Ottawa takes the axe to Nunavut community internet access
“The only free public access location in Iqaluit”
People across Nunavut who don’t have computers or internet access at home will soon feel the direct impact of a federal government cost-cutting measure.
If you come to use computers and surf the web in libraries and schools from Kugluktuk to Iqaluit, you may find the computers shut down and your access to the internet limited or completely cut.
That’s because federal government has decided to cut the $98,000 that Nunavut receives from Ottawa for its public internet access program.
The Community Access Program helps pay for public internet terminals in libraries, community centres and other public locations across Canada.
CAP, which had been set to expire at the end of March, will not be renewed.
Explaining the cancellation, an Industry Canada letter sent out in early April said the government “is committed to prioritizing expenditures” as it trims $1.5 billion in spending over the next year.
The Iqaluit Centennial Library will no longer receive any money to maintain 18 computer terminals, paid for by the community access program.
“Our CAP site is the only free public access location in Iqaluit and it had over 13,000 users last year,” said Catherine Hoyt, president of the friends of the Centennial library in an open letter circulated April 19.
Hoyt urged people “who share our disappointment to write their own letters” to Nunavut MP Leona Aglukkaq (firstname.lastname@example.org).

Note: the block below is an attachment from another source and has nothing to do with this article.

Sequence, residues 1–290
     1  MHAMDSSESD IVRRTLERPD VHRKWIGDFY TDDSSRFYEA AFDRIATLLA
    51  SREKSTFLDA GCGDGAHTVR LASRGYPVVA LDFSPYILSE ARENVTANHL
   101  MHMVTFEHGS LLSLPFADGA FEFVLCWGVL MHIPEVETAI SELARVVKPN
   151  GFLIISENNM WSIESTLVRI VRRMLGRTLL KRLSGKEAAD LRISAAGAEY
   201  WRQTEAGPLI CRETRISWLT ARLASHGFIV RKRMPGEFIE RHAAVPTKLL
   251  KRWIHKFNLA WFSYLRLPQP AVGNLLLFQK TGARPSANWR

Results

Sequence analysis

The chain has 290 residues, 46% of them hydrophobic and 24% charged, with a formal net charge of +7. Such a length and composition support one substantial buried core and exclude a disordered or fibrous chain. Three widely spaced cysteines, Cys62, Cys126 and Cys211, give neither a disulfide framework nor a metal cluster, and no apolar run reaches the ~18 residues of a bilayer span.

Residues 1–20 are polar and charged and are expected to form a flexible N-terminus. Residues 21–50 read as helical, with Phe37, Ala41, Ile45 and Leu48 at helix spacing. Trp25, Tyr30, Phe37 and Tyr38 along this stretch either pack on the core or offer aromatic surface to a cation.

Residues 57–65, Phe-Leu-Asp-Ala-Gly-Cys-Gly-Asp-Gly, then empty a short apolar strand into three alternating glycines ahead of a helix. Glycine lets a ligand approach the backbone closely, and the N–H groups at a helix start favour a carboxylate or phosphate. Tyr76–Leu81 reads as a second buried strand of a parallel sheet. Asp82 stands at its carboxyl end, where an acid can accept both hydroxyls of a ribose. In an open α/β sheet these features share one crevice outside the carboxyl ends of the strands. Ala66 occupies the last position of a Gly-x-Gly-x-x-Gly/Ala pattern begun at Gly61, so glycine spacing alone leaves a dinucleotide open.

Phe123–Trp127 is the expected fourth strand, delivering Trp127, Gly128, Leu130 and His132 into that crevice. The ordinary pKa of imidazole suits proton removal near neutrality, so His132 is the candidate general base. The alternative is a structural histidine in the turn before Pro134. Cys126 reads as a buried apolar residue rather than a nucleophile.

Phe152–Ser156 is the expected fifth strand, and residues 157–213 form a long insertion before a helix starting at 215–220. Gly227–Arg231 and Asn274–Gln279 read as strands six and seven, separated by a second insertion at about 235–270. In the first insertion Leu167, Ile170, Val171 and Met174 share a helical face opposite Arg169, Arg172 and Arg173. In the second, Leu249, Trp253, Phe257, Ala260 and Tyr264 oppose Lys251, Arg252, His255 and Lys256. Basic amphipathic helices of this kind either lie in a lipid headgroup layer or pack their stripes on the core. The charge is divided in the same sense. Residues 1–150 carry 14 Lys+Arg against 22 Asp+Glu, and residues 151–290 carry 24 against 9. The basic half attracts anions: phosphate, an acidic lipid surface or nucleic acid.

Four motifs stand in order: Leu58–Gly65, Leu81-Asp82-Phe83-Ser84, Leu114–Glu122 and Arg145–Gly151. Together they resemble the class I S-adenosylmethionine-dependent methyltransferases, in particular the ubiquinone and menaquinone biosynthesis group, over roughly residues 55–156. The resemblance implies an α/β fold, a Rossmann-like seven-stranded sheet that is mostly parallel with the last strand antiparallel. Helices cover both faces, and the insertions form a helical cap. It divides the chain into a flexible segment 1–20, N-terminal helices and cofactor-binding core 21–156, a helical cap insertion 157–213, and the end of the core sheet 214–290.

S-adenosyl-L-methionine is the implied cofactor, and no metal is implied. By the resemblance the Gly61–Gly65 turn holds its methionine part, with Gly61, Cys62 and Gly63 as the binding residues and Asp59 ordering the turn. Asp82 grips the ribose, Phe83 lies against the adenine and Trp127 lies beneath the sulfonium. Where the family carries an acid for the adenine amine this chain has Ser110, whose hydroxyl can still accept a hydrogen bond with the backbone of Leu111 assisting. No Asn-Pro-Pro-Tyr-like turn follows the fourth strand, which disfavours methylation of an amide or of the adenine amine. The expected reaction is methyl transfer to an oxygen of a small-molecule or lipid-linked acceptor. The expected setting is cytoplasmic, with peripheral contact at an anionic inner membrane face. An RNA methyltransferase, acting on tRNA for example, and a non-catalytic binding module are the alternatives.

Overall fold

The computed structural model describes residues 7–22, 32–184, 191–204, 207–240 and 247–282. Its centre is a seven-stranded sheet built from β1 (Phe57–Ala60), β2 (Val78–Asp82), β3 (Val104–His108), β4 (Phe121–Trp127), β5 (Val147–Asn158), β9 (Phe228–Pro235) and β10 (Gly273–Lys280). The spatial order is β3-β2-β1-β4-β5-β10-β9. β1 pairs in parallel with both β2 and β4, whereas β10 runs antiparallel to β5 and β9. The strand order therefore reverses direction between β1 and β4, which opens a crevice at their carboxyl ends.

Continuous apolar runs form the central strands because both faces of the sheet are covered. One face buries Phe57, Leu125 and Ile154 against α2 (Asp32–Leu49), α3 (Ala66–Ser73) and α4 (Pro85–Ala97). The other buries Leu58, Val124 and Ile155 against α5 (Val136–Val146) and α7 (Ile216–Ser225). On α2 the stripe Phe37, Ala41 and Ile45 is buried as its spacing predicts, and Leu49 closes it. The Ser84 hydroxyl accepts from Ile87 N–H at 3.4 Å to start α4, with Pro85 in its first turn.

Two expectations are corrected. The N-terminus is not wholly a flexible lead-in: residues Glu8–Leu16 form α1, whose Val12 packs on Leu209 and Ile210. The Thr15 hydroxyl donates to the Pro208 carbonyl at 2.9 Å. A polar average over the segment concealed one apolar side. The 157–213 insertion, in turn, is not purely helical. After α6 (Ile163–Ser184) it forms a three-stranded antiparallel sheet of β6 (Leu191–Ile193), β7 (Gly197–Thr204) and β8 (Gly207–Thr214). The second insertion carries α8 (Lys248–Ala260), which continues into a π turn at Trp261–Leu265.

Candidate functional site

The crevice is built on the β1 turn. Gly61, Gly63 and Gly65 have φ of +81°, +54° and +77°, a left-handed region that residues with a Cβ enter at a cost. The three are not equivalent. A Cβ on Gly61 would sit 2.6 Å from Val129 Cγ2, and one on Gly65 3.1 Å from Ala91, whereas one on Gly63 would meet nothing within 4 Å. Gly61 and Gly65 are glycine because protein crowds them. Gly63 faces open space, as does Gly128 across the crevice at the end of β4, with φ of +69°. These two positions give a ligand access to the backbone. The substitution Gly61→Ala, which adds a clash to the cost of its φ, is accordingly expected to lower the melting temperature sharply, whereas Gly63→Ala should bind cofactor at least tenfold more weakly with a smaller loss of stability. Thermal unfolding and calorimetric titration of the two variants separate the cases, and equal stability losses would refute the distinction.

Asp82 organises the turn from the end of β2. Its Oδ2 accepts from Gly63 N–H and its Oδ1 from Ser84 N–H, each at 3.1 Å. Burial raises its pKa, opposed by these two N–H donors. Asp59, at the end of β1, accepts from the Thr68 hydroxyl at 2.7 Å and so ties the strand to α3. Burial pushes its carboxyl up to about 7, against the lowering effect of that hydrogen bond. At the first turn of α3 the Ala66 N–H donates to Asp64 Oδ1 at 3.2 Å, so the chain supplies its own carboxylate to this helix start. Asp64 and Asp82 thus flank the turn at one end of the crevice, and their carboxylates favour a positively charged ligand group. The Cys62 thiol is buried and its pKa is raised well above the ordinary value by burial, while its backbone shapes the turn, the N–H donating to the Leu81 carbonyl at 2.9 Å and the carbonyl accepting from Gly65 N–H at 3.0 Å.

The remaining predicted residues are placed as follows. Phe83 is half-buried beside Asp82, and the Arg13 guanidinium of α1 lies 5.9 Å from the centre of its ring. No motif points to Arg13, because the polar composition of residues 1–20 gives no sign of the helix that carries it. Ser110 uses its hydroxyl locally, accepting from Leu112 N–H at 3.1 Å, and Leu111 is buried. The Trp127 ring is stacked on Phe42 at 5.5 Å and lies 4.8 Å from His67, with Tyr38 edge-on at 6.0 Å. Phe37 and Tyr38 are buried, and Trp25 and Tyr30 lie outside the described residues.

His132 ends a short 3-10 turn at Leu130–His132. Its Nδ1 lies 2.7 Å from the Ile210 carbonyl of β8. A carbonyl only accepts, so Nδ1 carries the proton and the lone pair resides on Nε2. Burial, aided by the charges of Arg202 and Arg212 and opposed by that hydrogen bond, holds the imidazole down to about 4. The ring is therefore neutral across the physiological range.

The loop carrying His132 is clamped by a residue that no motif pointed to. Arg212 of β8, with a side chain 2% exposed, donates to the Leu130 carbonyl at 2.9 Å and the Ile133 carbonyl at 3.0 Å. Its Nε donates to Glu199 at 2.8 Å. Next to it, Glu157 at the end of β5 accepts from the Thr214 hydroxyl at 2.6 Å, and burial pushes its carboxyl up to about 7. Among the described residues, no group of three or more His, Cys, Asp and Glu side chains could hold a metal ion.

“We feel that this is a very important service to our community and we hope that you will join us in expressing this importance to the federal government through our member of Parliament,” Hoyt said.
People in Cambridge Bay who use the community computer access site at the May Hakongak library and community centre will also be affected by the cut, said Kim Crockatt, director of the Nunavut Literacy Council, who also sits on the board of N-CAP, the non-profit organization that administers CAP funds in Nunavut.
“The CAP program provided us with funding to support the operation of our CAP site. The site is part of the range of services that we provide (library, cultural centre, free use of computers and training for people new to computer use),” Crockatt told Nunatsiaq News.
Replacing the lost money will be “a huge challenge,” Crockatt said, because most other programs don’t support those services.
“I believe the Prime Minister made a comment about the fact that most people now have computers and internet access at home. While that may be the case in the South, I know that is not our reality here in the North,” Crockatt said.
“Even if people have their own computers, the cost of internet here is such that most families cannot afford it.”
The cuts will also have a big impact on literacy and education, Crockatt said.
“Many families suffer from poverty and removing access to such an important learning and communication tool will further marginalize the already marginalized children and adults,” she said.
Statistics Canada says fewer than 54 per cent of households in the lowest income bracket — less than $30,000 annually — have home internet access.
With files from Postmedia News